Killing off cursive

Writing style disappears from school curriculums nationwide


The student tries his best to follow the instructions, but it’s difficult. He scribbles words down on the paper, only to erase them and start over again. He does this several more times before finally asking for help.  What seems so simple for so many is proving to be hard to work with for those without the training from childhood.

Cursive handwriting is being removed from school curriculums all over the United States. Students in most states are no longer learning how to write in cursive at any grade level. The reasons for this change in the standardized coursework vary from state to state, but they mostly revolve around the notion that there is not time when preparing for state assessments to include an untested item such as cursive. More and more, cursive is being replaced by typing in grade schools across the nation, and there is a lot of controversy surrounding the topic of teaching cursive handwriting in school.

“Cursive is an important skill that students need to have,” journalism teacher Neda Morrow said. “I think it’s absolutely essential that cursive is taught in the elementary grades.  Studies have shown that students are better able to remember what they write, especially when it’s in cursive.  It engages multiple parts of the brain and allows for improvements in thinking, language, and memory.  It worries me that I have students right now who cannot sign their own name.”

Only seven states have fought to keep cursive in the curriculum: California, Idaho, Indiana, Kansas, Massachusetts, North Carolina and Utah. These states claim that there is a direct correlation between the intelligence of a student and their ability to write in cursive. A recent study by the College Board backs up this claim, stating that students who write their SAT essay in cursive score higher on average than those who write in print.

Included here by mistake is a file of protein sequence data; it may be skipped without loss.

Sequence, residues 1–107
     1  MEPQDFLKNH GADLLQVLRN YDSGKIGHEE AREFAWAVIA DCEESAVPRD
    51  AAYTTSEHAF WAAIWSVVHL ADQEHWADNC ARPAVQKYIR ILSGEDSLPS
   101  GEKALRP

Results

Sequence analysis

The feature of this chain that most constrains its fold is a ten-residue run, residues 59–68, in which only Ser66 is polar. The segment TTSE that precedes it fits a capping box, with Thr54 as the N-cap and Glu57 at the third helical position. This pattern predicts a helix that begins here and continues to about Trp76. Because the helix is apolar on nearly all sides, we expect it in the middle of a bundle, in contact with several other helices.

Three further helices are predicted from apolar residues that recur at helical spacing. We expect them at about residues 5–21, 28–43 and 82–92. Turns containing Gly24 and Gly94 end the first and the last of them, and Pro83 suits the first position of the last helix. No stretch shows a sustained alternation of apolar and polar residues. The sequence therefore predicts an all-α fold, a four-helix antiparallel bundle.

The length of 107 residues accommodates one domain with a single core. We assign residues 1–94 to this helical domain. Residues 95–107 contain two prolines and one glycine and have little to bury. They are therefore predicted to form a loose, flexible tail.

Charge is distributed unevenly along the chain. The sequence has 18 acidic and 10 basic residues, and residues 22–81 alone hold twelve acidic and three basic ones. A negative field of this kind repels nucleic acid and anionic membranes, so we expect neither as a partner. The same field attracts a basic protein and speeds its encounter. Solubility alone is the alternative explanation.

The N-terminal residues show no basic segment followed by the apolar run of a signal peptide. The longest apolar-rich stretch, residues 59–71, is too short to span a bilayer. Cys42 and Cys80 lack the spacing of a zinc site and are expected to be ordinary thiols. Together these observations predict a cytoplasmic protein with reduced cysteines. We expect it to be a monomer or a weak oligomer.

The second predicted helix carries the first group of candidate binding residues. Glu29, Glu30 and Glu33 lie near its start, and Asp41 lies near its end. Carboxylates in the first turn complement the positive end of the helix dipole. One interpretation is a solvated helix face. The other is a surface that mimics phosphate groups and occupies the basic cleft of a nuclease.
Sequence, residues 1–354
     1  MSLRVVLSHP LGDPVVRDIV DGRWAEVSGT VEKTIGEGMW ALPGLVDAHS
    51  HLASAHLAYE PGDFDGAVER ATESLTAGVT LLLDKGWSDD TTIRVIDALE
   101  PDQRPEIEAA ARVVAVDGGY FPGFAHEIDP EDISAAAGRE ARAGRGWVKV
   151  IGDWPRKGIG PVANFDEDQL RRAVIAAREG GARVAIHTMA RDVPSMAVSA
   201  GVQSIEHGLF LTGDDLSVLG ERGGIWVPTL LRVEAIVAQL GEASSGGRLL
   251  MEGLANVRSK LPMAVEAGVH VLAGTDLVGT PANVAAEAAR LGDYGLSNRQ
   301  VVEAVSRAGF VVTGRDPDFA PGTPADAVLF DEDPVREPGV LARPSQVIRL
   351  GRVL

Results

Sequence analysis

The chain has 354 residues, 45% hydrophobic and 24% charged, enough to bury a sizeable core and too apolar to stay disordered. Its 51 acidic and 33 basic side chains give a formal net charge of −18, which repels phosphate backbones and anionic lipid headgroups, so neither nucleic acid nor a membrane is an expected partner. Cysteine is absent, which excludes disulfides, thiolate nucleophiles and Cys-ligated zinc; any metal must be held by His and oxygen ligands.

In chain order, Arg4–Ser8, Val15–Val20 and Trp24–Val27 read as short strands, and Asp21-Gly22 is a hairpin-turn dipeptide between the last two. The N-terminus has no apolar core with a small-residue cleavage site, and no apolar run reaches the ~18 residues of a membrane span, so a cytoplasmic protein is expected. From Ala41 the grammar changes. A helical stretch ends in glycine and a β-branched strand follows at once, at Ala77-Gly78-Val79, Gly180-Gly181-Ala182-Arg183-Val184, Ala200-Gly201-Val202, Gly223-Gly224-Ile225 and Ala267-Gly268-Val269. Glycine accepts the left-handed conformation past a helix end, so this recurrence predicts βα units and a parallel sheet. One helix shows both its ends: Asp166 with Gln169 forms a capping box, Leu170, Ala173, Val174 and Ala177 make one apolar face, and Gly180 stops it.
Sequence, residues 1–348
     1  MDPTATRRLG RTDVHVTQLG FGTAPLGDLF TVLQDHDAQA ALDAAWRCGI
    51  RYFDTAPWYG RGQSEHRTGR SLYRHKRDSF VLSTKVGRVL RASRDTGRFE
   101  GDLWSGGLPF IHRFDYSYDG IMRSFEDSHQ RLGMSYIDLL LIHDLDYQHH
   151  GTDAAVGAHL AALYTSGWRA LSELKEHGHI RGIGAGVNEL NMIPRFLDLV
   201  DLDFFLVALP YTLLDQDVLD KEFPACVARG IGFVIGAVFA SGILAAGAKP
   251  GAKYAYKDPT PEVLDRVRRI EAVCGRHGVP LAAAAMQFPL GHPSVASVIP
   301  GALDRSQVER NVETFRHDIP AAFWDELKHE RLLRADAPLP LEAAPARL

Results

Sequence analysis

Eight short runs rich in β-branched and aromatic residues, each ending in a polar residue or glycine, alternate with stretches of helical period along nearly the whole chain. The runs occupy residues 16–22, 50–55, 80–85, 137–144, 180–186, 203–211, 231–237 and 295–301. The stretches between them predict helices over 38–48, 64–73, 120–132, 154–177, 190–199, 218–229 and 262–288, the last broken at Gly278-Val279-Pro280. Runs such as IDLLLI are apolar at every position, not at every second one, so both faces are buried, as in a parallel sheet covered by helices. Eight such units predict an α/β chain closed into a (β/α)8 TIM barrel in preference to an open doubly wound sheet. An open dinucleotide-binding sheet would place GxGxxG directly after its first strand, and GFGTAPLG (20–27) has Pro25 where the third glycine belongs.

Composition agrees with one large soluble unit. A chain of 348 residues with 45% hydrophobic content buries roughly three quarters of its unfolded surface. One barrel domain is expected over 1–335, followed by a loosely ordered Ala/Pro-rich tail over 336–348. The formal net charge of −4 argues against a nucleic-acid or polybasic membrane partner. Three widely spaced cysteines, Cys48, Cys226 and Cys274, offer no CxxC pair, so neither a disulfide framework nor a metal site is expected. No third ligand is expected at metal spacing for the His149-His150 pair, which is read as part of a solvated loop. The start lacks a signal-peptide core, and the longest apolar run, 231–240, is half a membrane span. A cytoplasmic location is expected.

“It’s an inherent concept that we look at people who can’t write in cursive as if they’re missing something, or as if part of their education is lacking,” Morrow said. “They may be the most intelligent person in the room, but I do think that it could have some social stigma for them with employers.”

Other concepts that have replaced cursive include typing and learning different computer programs. Typing  is seen as a more current and useful skill to have. Some assert that cursive is just a relic of the past and has no actual use anymore.

“I think cursive and calligraphy are art forms that should be kept alive, but I don’t think they should be taught in schools,” senior Drew Austin said. “In a purely academic circumstance, knowing cursive isn’t really necessary. I wish typing had been more emphasized in the younger grades more than cursive. I think if young kids were put in front of a computer and taught to type, then they’d have a much easier time in college typing lecture notes and other papers.”

According to a recent poll conducted by Harris Interactive, 79% of adults and 68% of school-age children thought that cursive should still be taught in schools. More arguments in favor of cursive are that we would no longer be able to read historical documents in their original from, or even old letters written by ancestors.

“I think taking cursive out of school curriculums is a great loss, because most parents don’t have the time or won’t take the time to teach that skill,” AP English teacher Melanie McNiel said. “I just think that with all of the things our schools do, the basics of reading and writing and the teaching of those fundamental skills are what they should be attending to. “